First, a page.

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Its’ come a long way and been through several transitions since I collected it from my garden in 2004.

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Summer Pruning an Azalea Bonsai

We did a little work this week on a large Kaho Azalea, which belongs to my friend Gerry. Gerry acquired this tree 2 years ago. It has a fantastic nebari but the apex was moving in the opposite direction to the lower trunk. We decided at an early stage that this had to be corrected.

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The apex was air layered last year and removed from the tree at the start of this season

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This is how it looks at the moment after some shaping and pruning of the foliage. I think it is looking a lot better now. It still needs more extension on lowest right hand branch and the branches on the left could be shortened a little more but that will come in time.

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This is how it looked at flowering time last year.

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An Update on my Air Layers

Here’s an update on some of the air layers I’ve been working on over the past 12 months.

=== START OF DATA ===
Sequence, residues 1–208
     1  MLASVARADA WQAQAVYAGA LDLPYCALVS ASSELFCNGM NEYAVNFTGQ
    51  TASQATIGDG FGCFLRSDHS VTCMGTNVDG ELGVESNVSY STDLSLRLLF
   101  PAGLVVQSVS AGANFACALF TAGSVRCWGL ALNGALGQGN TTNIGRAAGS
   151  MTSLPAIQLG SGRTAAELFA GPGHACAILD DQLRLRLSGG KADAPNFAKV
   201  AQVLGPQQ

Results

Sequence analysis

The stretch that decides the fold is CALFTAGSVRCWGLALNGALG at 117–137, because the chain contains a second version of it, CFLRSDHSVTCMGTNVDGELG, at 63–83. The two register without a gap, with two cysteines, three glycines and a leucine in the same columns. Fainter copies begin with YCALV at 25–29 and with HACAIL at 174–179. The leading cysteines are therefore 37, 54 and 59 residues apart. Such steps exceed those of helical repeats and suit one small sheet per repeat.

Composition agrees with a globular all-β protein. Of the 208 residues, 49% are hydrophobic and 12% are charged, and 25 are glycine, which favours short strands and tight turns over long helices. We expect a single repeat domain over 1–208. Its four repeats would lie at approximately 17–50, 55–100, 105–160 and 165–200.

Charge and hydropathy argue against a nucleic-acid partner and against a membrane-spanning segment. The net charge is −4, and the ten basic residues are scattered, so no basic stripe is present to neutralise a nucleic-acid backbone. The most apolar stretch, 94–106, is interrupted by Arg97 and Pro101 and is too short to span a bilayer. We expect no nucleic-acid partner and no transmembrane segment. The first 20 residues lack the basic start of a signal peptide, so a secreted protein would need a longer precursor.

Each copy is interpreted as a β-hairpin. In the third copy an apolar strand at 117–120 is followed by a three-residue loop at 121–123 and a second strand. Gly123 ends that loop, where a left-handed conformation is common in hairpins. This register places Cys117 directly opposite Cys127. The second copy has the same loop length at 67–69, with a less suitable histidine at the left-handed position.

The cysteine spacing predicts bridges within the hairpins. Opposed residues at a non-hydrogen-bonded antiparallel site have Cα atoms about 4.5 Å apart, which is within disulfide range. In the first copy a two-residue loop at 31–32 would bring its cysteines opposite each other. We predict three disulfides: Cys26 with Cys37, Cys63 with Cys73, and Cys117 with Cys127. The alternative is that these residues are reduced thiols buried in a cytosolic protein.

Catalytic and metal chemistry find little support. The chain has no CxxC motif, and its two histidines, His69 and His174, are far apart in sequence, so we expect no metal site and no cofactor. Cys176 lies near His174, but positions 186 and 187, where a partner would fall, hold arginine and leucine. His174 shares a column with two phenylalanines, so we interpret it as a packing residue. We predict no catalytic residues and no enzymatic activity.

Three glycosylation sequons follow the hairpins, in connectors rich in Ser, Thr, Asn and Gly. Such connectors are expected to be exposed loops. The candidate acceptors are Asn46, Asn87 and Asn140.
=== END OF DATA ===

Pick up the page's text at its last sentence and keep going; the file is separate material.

This Acer Shiraswanum was layered last year in early summer, which caused it to display autumn colour very early.

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It was separated from the rootstock in the Spring of this year an secured into a large plastic pot for stability and further root development

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The new leaves this year are looking good and behaving normally but it hasn’t put on any new extension growth yet. I will probably give it another year in this pot before transferring it to a training pot.

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This hawthorn  was started  a couple of years ago.

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When it was severed from the parent plant, there were not that many roots on the layer and most of these were on one side of the tree

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It was planted into this training pot to allow the roots time to develop. Its been in there for 2 seasons now and the roots are pushing out the drainage hole at the bottom of the pot. I will transfer this to a new pot next Spring.

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This larch was started in Spring this year. It has no sign of any new roots yet and the foliage is looking a little weak. I’ve increased the amount of sphagnum moss around the layer and we’ll see how it looks by the end of the season

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On the other hand, this little cotoneaster, which was also started this year is showing lots of new roots at the moment. I could sever it now but I think I will leave it until next year to do so.